He allows a "generous" two pages each explaining bobbin-lead vs flyer-lead and scotch tension as compared to about thirty pages extolling the virtues of the double drive system (can you guess which one he prefers). He then devotes another two chapters to the mathematics of whorls, ratios, grist and twist in relation to, of course, the double drive system (without a lick of info regarding how to keep consistency using a single drive system).

All in all, though the book is full of worthy information, if and only if you have a double-drive, saxony-style wheel, the presentation was annoying and biased. I really feel that it didn't impart the knowledge that I was expecting at all. I'm glad I checked this book out from the Library, as I will NOT be purchasing it.
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Format: Hardcover Verified Purchase
This is a wonderful book. Could have been called The Complete Book Of Spinning, had the namers a pedantic turn of phrase.

This is a big book, that can be read from front to back, or sampled, as one prefers. While very readable, this book has technical sections that will not appeal to all spinners, but they exist to help those who need this information. So buy the book with the understanding that while it's almost all here, you don't have to embrace any more of it than you want to.

I bought this book for any information that will help me in building wheels. There are a few chapters on the wheels themselves that will really help a builder, or spinner, understand the why's of different designs. It was surprising to come across a reference to Super Quench, a cutting edge quench for mild steel, but it does belong here. It was also surprising to see little information on band drives, even if the author doesn't prefer them.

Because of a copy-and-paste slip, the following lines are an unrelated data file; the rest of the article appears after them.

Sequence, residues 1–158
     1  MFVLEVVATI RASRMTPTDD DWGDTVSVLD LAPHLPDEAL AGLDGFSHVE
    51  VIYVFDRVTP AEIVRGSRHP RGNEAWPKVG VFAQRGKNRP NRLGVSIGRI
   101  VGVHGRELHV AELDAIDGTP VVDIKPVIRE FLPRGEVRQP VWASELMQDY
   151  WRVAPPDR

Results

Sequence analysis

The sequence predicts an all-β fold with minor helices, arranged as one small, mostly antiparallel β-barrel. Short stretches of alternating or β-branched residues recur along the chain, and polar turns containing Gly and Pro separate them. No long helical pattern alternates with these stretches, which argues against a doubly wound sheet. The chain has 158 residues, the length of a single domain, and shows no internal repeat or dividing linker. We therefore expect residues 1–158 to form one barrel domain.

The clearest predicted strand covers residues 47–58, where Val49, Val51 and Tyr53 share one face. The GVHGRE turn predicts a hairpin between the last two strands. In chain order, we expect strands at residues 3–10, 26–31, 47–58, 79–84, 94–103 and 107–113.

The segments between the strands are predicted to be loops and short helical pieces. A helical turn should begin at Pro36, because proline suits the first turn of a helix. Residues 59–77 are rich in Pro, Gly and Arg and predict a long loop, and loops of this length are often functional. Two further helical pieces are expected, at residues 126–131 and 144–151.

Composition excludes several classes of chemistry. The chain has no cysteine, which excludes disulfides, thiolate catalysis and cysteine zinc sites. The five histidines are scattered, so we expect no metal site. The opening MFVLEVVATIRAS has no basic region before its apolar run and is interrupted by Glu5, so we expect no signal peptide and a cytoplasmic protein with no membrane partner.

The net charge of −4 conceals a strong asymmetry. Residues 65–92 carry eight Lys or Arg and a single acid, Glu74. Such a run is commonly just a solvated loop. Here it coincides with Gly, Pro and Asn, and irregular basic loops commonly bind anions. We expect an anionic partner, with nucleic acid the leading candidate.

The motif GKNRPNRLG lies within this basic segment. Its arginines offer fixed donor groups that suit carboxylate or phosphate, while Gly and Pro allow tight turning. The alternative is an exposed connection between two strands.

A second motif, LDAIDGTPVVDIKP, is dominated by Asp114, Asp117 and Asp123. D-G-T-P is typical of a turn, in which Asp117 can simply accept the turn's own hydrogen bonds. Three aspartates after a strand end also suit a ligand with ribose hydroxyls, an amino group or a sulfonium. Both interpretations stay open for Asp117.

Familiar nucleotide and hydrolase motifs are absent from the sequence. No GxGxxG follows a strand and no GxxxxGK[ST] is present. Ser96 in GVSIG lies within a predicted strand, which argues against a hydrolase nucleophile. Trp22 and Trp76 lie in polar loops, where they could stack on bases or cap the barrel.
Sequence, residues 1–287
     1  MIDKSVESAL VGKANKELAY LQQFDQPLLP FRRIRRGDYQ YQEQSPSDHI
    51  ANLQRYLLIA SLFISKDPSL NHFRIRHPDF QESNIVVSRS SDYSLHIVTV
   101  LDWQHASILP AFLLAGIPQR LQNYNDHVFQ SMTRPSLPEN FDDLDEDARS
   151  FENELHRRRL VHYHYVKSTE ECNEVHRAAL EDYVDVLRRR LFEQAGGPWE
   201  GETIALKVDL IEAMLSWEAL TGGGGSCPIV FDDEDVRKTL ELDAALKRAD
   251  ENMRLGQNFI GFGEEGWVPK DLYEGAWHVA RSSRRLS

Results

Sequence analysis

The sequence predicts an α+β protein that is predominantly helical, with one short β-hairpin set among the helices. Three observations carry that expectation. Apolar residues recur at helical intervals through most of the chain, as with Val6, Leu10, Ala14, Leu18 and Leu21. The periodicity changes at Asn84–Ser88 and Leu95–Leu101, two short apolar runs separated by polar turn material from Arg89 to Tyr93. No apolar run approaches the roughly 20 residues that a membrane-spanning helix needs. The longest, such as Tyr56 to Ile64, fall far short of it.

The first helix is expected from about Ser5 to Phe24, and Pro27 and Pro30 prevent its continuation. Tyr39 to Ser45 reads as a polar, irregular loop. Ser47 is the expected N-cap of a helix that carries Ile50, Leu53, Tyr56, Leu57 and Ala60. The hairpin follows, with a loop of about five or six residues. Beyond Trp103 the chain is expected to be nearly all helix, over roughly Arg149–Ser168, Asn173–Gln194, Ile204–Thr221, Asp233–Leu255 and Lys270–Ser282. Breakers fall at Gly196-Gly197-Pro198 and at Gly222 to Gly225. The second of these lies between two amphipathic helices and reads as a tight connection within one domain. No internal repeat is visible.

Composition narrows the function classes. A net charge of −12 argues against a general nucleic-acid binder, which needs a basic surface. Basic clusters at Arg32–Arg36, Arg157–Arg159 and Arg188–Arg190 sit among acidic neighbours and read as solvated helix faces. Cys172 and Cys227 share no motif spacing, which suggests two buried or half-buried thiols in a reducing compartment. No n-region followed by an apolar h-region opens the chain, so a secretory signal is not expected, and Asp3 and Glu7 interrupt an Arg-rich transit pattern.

Amos has obviously offended some readers with comments on double peddle wheels. Yet he later mentions that with enough drag the Scotch tension can get hard to push. Hello?

If there are a few phrases in the whole book in which Amos let's go a few of his preferences, all the better. This book is an important link with the craft that will do a lot to keep spinning alive. For all that it's fun to read.

Quick update. Since I wrote this review, craft spinning wheels have moved on through several major redesign steps. This book is more about traditional wheels, not about craft wheels. Still useful, but the new gear is not represented here.
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Format: Hardcover
Whilst the writing style can be slightly overwhelming at times this book is one of those "Must Haves" that everyone will wish they had purchased once it goes out of print.
I'm still only 1/5th of the way through (it has 500 pages!!!), but I've already come across much information that I wish I had known before and have applied it to my spinning technique with great success.
One of the most interesting sections of the book contains schematics for making your own tools (niddy noddy, nostepinne, drop spindle, among others). Now I just have to find myself a woodworker to make them for me!